Cana­dian wins hu­man­i­tar­ian award

Burling­ton na­tive’s com­pany helped 500,000 peo­ple with iron de­fi­ciency around the world

The Hamilton Spectator - - HEALTH - ALINA BYKOVA

While vol­un­teer­ing at Kenya’s over­crowded Dadaab refugee camp in 2011, Gavin Arm­strong found him­self won­der­ing how to cre­ate long-term so­lu­tions to the world’s prob­lems.

He said he saw 700,000 peo­ple in a camp de­signed for 100,000, wit­ness­ing mal­nu­tri­tion and hu­man suf­fer­ing on such a large scale that it “gal­va­nized him,” and gave him the courage to start his com­pany, Lucky Iron Fish.

“We must ad­dress longer-term is­sues to cre­ate change, so that’s where I got re­ally en­er­gized around so­cial en­ter­prise,” he said.

So far, the com­pany has helped 500,000 peo­ple with iron de­fi­ciency around the world since it was launched in 2012.

Arm­strong’s fish is a re­us­able cast-iron gadget that can be boiled in wa­ter for 10 min­utes a day to give the user a low dose of iron. It can be used for up to five years and can ben­e­fit en­tire fam­i­lies.

This year, the 29-year-old Burling­ton na­tive was named one of the “Six Core Prin­ci­ple” re­cip­i­ents of the Muham­mad Ali Hu­man­i­tar­ian Award, given an­nu­ally to six hu­man­i­tar­i­ans un­der the age of 30. Arm­strong was also named one of Forbes’ Top 30 Un­der 30 in the so­cial en­trepreneur cat­e­gory, and won the EOY So­cial En­trepreneur spe­cial ci­ta­tion award.

“Iron de­fi­ciency is the world’s largest nu­tri­tional chal­lenge,” said Arm­strong, who works out of his of­fice in Guelph. “It im­pacts two bil­lion peo­ple, one-third of the world suf­fers from it.”

About 20 per cent of Cana­di­ans have iron de­fi­ciency, which is f airly low. But in some coun­tries, such as In­dia, 80 per cent of the pop­u­la­tion suf­fers from it. Low iron can lead to fa­tigue, hair loss and brit­tle nails, but it can also cause lim­ited cog­ni­tive de­vel­op­ment, low­ered kid­ney and liver func­tion, and death.

Kris­ten De­sau­tels has been us­ing the fish for about three years, since she got preg­nant with her daugh­ter, to im­prove her low en­ergy lev­els.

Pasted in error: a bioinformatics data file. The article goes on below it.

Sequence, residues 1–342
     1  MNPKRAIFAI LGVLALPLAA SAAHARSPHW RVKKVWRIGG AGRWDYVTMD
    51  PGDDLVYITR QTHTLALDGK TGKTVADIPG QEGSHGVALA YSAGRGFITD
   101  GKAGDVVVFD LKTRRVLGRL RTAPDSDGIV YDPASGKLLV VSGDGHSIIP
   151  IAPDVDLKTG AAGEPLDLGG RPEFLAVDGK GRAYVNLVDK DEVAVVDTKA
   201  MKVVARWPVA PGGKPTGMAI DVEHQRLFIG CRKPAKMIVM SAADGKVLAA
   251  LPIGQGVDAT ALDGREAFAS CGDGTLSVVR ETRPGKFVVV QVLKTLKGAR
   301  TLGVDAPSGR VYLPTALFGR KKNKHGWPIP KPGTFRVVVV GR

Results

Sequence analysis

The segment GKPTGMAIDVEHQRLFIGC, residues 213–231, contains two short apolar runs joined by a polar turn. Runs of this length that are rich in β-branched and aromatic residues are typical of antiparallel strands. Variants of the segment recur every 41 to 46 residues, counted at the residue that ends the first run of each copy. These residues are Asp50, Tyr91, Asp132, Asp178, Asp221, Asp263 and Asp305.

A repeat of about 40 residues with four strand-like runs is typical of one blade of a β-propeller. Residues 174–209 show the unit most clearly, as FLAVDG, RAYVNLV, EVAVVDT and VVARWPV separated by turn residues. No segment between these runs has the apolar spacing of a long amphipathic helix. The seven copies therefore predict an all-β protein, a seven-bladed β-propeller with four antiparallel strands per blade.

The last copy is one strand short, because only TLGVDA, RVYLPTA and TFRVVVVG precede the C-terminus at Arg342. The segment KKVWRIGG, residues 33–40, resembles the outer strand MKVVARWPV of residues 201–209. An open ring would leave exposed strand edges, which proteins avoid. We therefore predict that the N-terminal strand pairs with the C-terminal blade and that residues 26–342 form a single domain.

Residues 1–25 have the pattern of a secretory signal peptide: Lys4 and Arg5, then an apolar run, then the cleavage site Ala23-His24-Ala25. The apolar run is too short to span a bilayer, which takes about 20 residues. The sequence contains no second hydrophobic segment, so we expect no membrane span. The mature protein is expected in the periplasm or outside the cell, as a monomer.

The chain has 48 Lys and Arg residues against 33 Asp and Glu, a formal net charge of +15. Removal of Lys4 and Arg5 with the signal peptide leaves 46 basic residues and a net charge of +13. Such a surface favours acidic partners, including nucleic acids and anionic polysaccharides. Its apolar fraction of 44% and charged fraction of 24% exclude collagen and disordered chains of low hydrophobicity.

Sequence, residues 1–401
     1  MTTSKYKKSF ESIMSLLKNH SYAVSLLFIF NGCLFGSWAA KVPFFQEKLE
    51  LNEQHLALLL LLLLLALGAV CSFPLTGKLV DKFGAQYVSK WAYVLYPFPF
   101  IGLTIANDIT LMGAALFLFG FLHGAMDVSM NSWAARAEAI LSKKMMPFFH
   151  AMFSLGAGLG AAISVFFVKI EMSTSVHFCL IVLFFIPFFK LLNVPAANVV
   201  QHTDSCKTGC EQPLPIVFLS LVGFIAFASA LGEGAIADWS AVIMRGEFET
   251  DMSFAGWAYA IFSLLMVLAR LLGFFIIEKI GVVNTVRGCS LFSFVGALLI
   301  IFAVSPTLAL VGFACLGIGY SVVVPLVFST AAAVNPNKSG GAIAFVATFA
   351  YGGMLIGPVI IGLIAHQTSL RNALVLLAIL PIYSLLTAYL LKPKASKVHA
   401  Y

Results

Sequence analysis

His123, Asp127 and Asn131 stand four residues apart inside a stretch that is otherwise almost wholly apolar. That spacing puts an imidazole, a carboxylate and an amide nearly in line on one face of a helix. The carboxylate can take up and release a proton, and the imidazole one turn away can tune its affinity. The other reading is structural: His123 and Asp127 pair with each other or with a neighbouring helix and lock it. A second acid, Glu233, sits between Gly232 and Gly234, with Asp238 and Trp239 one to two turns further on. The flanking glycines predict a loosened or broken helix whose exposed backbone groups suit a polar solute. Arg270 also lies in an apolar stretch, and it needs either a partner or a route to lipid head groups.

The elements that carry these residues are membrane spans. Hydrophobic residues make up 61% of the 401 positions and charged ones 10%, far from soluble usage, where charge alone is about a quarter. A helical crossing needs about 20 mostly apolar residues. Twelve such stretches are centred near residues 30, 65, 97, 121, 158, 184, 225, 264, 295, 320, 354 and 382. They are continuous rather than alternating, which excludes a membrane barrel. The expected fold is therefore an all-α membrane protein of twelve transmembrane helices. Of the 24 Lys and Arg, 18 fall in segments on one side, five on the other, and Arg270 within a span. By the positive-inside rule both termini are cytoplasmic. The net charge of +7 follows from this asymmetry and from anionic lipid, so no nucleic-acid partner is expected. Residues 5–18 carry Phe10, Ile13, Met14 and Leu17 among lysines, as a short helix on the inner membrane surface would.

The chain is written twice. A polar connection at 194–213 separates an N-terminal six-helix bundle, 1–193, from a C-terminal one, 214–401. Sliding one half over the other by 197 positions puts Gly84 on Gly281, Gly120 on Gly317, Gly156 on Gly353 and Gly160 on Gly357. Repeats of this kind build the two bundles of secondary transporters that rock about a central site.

“Once I learned about it I thought it seemed like a great nat­u­ral way of get­ting some in­creased iron in­stead of get­ting sup­ple­ments,” said De­sau­tels, who now sells the gadget at her Guelph restau­rant.

So far, Arm­strong es­ti­mates that more than 100,000 iron fish have been sold around the world. The com­pany is now work­ing on sev­eral projects, in­clud­ing a part­ner­ship with the Sa­hara Foun­da­tion to help peo­ple with HIV in In­dia.

Peo­ple liv­ing with HIV can’t take iron sup­ple­ments, Arm­strong said, be­cause they clash with their med­i­ca­tion. By us­ing the Lucky Iron Fish in­stead, they are ex­posed to a lower and “more gen­tle dose” of iron which he says is man­age­able. Last year, they started a pro­gram to send the fish to Indige­nous com­mu­ni­ties in Canada, be­cause Indige­nous peo­ple have rates of iron de­fi­ciency two or three times higher than the av­er­age Cana­dian. So f ar, 5,000 fish have been sent through a buy­one-get-one ini­tia­tive. “For every fish we sell, we com­mit to do­nate one fish for free to a fam­ily around the world,” Arm­strong said. He is also hope­ful they will soon be able to part­ner with a United Na­tions agency to run a pi­lot project. “This is re­ally a women’s health is­sue,” he said, be­cause im­pov­er­ished women of re­pro­duc­tive age are more likely to be af­fected. Arm­strong be­lieves that com­pa­nies en­gaged in so­cial en­ter­prise, like Lucky Iron Fish, are the fu­ture of busi­ness. “I feel that there’s some­times a sense that hav­ing an im­pact or­ga­ni­za­tion is an added cost or an added bur­den and I don’t be­lieve that,” he said. “I’d like to use Lucky Iron Fish as an ex­am­ple that not only be­ing a so­cial busi­ness is not an added cost, it’s a rev­enue op­por­tu­nity.”


Gavin Arm­strong cre­ated the Lucky Iron Fish to help fight iron de­fi­ciency in de­vel­op­ing coun­tries world­wide.

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